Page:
今週は、北京の清華大学で開かれた超弦理論国際会議 Strings 2016 に行ってきました。
中国では１０年前にも、北京で超弦理論国際会議 Strings 2006 が開かれました。その時に比べて若い大学院生の参加者数が圧倒的に増えていて、中国の基礎科学の伸びに強い印象を受けました。
This banquet reminds me of a poem Li Bai of the Tang Dynasty wrote during one of his trips, saying that the hospitality of his host made him forget that he was away from home . Many of us have indeed traveled from faraway places to meet and discuss with each other and learn about latest developments in all areas of string theory.
In these days, there are many conferences and workshops on subareas of string theory, but the String Conference plays a special role in our scientific community. It presents string theory as a unified field, where discoveries in subareas are interconnected. There is something special about sitting through talks in many subareas and appreciating the richness and vibrancy of the field as a whole. Each year, the Strings Conference takes us to a different part of the world and still makes us feel at home, as Li Bai wrote.
I entered the graduate school in Kyoto in 1984, when Michael Green and John Schwarz discovered the anomaly cancellation in the Aspen Center of Physics and triggered the first superstring revolution. That was 7 years before the arXiv was launched, and their preprint took 3 months to travel from Caltech to Kyoto, but it was worth the wait.
I was particularly fascinated by the paper on the Calabi-Yau compactification by Candelas, Horowitz, Strominger and Witten. I think it is the first paper where the term, Calabi-Yau manifold, was used. The paper showed how the intricate structure of the standard model of particle physics can be encoded in the geometry of the Calabi-Yau manifold. I found it beautiful. In that winter, I was asked to report on the paper at a meeting in the Yukawa Institute in Kyoto. I was given 30 minutes to speak, but I could not stop after 2 hours. Eventually, a guard came in and turned off the heat. Fortunately, the director of the Yukawa Institute, Ziro Maki, kindly let us use his office, which had a separate heating system, and we discussed there past midnight. It was very exciting.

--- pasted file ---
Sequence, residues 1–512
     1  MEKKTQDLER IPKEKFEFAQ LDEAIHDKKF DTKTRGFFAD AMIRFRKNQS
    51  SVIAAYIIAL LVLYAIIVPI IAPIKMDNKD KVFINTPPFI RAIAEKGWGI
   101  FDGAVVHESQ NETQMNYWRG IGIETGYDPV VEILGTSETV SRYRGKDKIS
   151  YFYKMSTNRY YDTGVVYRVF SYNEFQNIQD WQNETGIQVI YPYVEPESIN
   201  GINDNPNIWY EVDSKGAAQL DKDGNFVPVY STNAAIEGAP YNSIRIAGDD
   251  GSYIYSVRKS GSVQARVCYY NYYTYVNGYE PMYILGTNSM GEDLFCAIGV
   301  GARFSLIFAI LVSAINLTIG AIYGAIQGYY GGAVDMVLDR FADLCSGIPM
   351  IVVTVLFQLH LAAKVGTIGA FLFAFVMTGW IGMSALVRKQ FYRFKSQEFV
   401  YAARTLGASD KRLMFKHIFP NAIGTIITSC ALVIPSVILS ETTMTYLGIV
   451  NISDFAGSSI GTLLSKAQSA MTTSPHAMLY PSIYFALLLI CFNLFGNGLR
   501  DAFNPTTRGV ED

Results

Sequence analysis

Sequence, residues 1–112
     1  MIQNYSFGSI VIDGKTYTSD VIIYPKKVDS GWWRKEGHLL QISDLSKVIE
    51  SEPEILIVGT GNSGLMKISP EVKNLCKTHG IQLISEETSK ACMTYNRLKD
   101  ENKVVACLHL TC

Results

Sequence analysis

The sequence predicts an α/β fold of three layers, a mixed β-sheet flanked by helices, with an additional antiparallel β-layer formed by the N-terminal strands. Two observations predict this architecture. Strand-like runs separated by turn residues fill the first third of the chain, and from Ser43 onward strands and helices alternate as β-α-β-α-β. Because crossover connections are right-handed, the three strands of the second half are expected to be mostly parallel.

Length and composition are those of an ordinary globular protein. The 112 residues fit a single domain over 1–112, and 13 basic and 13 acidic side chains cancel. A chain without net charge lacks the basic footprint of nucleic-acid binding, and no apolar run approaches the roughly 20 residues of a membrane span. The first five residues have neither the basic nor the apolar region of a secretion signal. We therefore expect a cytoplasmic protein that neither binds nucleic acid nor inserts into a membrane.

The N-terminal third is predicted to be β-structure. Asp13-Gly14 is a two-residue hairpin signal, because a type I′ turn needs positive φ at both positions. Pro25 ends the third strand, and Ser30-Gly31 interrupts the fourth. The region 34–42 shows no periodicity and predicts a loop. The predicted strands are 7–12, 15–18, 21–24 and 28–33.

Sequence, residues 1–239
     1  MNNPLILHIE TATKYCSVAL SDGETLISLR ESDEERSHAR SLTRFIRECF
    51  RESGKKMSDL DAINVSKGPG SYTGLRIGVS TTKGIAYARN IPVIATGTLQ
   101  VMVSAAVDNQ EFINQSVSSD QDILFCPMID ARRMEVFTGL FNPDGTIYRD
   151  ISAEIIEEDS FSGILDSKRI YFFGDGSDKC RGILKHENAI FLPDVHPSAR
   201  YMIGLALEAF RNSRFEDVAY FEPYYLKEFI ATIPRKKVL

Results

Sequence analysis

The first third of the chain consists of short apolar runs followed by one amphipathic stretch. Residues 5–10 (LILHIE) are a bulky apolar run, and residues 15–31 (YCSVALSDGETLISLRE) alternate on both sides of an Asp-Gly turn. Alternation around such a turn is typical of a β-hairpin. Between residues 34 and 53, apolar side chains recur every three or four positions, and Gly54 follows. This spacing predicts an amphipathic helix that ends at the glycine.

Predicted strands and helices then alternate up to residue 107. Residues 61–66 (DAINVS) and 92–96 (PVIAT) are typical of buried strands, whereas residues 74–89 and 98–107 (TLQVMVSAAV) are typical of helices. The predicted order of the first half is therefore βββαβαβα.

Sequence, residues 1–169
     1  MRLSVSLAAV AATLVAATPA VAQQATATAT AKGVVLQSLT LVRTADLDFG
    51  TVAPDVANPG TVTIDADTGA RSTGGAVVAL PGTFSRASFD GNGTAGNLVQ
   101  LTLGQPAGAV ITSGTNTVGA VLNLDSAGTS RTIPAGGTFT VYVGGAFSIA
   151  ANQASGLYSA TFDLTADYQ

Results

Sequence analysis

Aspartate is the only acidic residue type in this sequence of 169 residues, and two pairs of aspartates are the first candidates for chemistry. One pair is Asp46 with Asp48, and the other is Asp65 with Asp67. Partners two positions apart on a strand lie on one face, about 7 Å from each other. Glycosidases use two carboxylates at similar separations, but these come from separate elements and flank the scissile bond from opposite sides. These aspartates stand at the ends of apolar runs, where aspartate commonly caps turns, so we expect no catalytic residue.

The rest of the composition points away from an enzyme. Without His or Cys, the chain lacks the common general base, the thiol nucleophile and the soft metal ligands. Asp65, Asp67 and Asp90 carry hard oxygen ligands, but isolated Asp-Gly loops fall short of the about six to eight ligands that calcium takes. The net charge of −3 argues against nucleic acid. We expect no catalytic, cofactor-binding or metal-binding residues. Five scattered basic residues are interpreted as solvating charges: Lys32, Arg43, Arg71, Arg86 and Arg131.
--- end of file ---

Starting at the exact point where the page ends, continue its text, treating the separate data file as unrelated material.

In those days in the 80’s, there were not many international conferences that a student from Kyoto can attend, and the first one I attended abroad was in India in 1987. It was there that I realized how important it is to meet each other and to discuss in person since there are knowledge and insight that are difficult to communicate on papers.
The Strings Conference has been an important asset to our scientific community, and I am grateful that our friends in China are hosting it for the second time this year. I am impressed by the number of young Chinese students and their active participation to the conference, showing the vitality and strength of the scientific community here. I and my colleagues in Japan are looking forward to welcoming all of you in Okinawa in 2018.
Theorists are like travelers without a map, and the Strings Conference provides us an oasis to stop by and see how far we have come. As Xin Qiji of the South Song Dynasty wrote in his tribute to the Bodhisattva, there may be countless mountains and hills obstructing our view, but the waters behind them will eventually come through . And we will have a lot of fun finding them out. Thank you.
 李白 「客中行」
 辛棄疾 「菩薩蛮 書江西造口壁」